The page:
• Unvented hot water storage systems – restrictions apply to who can install the system.

Drainage and waste disposal

  • An adequate system to carry water used for cooking, washing, toilet, bath or shower to a sewer, cesspool or settlement tank must be in place.
  • A cesspool or settlement tank must be impermeable to liquids and have adequate ventilation. It must also have means of access for emptying, not harm the health of any person and not contaminate water or water supply.
  • An adequate system to carry rainwater away from the roof of a building e.g. guttering carrying water to a sewer.
  • A place to put a wheelie bin or dustbin. The place must not harm anyone’s health.

Combustion appliances and fuel storage systems (See Part B for general fire safety)

  • Must have an adequate air supply for combustion and for efficient working of a fluepipe or chimney.
  • Appliances shall discharge the products of combustion to the outside.
  • The appliance, fireplace and chimney shall reduce the risk of the building catching fire.

Protection from falling, collision and impact

This part of the Regulations sets minimum standards for:

  • Stairways, ramps and ladders safety.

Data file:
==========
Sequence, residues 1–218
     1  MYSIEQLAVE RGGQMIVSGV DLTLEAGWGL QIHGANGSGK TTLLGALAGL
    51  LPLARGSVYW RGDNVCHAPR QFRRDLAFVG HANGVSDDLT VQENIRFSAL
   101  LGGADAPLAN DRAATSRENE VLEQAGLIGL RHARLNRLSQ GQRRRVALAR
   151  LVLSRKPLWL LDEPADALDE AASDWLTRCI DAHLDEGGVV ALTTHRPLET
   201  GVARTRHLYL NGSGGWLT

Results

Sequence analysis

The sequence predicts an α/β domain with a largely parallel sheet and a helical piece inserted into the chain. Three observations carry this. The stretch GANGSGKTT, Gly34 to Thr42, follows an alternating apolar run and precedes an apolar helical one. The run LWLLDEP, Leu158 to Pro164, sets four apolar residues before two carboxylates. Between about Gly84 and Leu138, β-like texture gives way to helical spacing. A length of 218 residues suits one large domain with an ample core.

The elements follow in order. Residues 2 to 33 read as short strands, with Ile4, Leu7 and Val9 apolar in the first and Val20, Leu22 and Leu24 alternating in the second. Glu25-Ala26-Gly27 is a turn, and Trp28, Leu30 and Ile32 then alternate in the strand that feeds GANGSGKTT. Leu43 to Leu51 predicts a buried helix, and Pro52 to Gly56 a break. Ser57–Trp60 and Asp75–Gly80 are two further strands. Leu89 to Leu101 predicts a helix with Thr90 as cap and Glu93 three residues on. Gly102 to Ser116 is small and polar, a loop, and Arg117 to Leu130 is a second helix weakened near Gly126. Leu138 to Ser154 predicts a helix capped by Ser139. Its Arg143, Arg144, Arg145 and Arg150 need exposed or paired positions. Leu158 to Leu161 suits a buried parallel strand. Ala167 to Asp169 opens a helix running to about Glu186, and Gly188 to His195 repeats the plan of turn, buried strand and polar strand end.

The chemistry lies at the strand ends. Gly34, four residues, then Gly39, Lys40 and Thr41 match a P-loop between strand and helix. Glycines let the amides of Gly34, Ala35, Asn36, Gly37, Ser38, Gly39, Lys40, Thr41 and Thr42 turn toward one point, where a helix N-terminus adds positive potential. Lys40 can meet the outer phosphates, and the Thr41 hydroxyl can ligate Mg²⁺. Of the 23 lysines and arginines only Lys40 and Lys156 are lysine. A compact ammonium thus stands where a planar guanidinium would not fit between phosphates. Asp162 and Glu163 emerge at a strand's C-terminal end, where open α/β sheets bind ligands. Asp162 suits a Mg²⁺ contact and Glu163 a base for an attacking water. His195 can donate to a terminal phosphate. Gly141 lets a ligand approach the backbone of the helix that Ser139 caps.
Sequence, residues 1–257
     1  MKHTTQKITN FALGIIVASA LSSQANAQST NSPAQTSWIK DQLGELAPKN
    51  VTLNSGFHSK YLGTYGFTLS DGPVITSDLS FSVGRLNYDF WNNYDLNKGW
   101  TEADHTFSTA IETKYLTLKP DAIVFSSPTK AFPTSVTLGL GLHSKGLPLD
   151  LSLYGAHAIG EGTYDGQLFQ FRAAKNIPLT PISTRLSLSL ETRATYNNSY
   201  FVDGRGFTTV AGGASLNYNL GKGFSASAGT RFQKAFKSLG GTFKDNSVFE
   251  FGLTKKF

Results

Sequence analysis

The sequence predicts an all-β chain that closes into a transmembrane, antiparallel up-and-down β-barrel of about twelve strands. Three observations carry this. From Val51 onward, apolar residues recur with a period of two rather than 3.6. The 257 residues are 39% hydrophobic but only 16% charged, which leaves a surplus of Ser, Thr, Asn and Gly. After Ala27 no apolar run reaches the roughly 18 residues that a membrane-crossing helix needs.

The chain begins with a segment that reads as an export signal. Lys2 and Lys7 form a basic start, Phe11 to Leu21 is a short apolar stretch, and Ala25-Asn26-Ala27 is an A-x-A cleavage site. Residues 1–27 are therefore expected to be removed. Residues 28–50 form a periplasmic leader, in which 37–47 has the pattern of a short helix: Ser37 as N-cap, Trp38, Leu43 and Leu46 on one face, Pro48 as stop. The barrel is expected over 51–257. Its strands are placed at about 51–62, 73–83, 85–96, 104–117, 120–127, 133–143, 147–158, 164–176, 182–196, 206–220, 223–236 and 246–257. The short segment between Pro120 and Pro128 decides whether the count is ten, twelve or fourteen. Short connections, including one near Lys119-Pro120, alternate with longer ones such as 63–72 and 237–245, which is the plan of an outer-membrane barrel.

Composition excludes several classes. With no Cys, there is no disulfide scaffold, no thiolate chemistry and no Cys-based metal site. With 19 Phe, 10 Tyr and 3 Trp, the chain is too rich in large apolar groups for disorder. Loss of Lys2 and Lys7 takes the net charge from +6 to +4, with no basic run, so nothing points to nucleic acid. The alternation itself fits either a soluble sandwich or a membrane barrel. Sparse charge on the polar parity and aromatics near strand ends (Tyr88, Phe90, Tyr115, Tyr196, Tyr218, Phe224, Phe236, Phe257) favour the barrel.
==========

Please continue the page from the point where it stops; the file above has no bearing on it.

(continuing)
• Requirements for balustrading, windows, and vehicle barriers to prevent falling from floor edges, etc.
  • Glass and Glazing Safety.
  • Requirements for guarding where there is a risk of falling, pedestrian and vehicle barriers, and requirements to prevent injury from (opening) doors and windows.

Conservation of fuel and power

The Building Regulations Approved documents L set out:

  • Control of the insulation values of building elements, the allowable area of windows, doors and other openings, air permeability of the structure, the heating efficiency of boilers and the insulation and controls for heating appliances and systems together with hot water storage and lighting efficiency. Air permeability is measured by air tightness testing for new dwellings, all new buildings other than dwellings and large extensions to buildings other than dwellings.
  • Requirements for SAP (Standard Assessment Procedure) calculations and Carbon Emission Targets for dwellings. Regulation 16 requires the advertising of the SAP rating in all new dwellings. Approved Document L1 is supported by a set of ‘robust’ tried and tested construction details, now known as “Accredited Construction Details”, which focus on way of limiting air leakage and thermal bridging in construction, while avoiding expensive on-site testing.
  • Requirements for solar heating and heat gains to structures. It controls heating, mechanical ventilation and air conditioning systems, lighting efficiency, space heating controls, air permeability, solar emission, the certification, testing and commissioning of heating and ventilation systems, and requirements for energy meters.

L1 is specific to dwellings and L2 relates to all buildings other than dwellings, which is split into four sections: